We recently wrote about the increase in short-dated delinquencies in FHA pools relative to loans in conforming pools. We took this as a sign of the disproportionate impact that inflation has on lower-income households. This is a useful observation, but it is limited by the lack of visibility on delinquencies of three-month duration or longer as these loans are often bought out of pools. To address this gap, we recently imported the FHA performance data. This data is not available at the loan level, but the aggregate characteristics are informative.
There are two main takeaways from these charts. First, while the 30- and 60-day DQs are very similar, the 90+ days delinquencies are significantly higher in the FHA performance data reflecting the loan buyouts mentioned above. Second, the FHA performance data contains information on foreclosures and bankruptcies that is not available in Ginnie Mae’s disclosure. These trends could prove a valuable indicator of financial impairment during a downturn.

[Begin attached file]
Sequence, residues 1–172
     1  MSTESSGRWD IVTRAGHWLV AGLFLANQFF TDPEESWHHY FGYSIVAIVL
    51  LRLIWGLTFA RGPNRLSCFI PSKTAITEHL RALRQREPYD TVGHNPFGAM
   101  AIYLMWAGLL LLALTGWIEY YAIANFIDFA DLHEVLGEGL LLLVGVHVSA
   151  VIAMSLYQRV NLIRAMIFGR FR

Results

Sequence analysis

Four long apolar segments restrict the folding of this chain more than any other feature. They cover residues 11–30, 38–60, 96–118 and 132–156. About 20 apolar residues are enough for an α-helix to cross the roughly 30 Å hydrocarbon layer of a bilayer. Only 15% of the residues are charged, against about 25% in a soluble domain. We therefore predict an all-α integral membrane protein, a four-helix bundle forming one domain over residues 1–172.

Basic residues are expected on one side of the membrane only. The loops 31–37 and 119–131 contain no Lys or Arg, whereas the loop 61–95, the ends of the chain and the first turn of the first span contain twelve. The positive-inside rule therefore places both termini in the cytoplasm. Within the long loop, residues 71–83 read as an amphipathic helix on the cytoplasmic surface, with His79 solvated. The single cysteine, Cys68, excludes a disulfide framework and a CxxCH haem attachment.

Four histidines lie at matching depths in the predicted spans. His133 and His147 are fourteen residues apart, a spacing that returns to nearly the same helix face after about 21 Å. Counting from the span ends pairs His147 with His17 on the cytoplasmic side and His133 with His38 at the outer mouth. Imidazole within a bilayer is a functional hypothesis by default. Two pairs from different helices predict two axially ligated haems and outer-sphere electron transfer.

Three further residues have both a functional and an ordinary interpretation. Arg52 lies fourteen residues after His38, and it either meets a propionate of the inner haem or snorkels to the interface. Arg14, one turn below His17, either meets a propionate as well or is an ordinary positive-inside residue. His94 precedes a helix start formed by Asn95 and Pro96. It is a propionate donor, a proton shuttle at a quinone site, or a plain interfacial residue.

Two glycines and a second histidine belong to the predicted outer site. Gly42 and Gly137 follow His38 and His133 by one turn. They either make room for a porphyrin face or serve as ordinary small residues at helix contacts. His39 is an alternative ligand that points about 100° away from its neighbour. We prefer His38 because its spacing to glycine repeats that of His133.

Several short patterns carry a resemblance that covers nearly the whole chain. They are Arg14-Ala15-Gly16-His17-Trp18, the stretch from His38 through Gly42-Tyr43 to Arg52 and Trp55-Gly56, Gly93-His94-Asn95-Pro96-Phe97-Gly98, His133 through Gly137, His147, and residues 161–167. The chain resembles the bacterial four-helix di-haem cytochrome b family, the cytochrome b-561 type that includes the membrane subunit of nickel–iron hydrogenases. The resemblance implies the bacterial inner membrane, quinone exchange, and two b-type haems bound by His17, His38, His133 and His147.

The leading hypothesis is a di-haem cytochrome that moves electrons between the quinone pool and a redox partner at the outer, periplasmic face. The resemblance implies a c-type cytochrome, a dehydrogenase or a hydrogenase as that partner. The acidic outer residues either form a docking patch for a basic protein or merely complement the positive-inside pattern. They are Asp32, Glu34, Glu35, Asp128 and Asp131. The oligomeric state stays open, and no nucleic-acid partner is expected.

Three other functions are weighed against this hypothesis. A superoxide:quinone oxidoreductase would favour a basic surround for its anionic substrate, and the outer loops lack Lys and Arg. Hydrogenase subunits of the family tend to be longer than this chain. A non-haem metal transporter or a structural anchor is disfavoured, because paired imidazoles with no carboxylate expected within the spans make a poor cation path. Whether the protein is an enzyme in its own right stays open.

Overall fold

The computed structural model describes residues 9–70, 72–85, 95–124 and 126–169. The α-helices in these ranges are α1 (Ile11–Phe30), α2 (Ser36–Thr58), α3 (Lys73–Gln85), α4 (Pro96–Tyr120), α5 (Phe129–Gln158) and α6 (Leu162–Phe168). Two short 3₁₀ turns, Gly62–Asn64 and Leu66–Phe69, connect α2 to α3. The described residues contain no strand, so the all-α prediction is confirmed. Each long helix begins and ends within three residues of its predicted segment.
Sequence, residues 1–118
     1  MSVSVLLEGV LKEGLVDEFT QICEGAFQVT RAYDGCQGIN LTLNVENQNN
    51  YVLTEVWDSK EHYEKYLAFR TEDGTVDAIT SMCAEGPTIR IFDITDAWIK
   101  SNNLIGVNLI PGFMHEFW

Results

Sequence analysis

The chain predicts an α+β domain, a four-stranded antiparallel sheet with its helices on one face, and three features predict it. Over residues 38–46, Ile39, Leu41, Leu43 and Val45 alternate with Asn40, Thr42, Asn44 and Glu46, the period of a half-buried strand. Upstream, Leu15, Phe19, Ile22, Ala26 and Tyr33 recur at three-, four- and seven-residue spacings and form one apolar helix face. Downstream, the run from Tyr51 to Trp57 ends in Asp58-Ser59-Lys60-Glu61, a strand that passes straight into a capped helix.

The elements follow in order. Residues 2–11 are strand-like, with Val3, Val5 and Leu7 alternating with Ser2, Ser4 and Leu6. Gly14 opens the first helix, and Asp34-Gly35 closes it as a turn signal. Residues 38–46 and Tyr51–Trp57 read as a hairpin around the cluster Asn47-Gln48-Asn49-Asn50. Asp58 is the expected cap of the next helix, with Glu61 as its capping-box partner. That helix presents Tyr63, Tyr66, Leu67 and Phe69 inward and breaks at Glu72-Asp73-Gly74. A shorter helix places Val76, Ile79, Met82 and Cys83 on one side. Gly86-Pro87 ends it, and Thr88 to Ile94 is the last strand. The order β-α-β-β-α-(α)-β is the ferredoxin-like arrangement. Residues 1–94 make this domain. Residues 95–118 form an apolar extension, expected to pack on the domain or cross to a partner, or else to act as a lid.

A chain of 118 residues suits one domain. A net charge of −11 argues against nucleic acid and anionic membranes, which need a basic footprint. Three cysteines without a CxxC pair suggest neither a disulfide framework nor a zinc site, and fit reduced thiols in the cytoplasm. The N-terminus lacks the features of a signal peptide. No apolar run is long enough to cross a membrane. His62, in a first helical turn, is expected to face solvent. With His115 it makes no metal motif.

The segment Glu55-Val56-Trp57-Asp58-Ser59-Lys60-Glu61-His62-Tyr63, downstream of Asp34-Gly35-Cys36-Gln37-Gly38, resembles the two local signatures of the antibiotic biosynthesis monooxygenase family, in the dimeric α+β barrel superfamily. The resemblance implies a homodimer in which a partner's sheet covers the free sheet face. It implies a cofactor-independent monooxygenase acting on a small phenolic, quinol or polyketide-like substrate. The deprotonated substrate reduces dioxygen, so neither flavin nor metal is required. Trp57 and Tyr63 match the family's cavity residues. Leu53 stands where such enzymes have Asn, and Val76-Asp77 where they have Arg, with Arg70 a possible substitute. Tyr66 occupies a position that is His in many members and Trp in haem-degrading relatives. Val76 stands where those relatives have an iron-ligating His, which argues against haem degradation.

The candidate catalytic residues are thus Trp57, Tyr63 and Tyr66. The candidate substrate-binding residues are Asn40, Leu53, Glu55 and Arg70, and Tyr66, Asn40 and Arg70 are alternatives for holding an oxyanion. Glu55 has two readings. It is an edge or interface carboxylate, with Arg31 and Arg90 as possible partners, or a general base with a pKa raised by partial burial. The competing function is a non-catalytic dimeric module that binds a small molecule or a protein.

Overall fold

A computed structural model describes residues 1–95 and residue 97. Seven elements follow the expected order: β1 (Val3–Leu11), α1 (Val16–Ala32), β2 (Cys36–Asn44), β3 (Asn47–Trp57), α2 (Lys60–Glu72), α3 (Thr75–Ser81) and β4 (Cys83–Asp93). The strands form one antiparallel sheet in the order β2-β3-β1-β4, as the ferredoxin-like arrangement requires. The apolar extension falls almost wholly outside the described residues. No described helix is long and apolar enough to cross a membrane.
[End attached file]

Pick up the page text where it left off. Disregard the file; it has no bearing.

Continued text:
We do not have a similar dataset for the GSEs, but there have so far been relatively much lower volumes of buyouts in the conforming space relative to the Government programs. This could, of course, change. The only complete source of information on the status of GSE loans comes from the Monthly Reports from each Enterprise.
Through the first half of 2022, conforming borrowers have shown no signs of increasing stress, while the month-over-month change rate of serious DQ rate for FHA borrowers slowed down to -0.01% in June 2022 from -0.13% in the previous month. With the Federal Reserve raising its benchmark interest rate range to 3.0% - 3.25%, it will be very interesting to see if FHA is a leading indicator for more well-off borrowers.
 A Quick Note on the GNM – GSE Early Delinquency Gap - RECURSION CO
 Agency RPL Market Structure and Performance - RECURSION CO
 Freddie Mac Monthly Volume Summaries, Fannie Mae Monthly Summary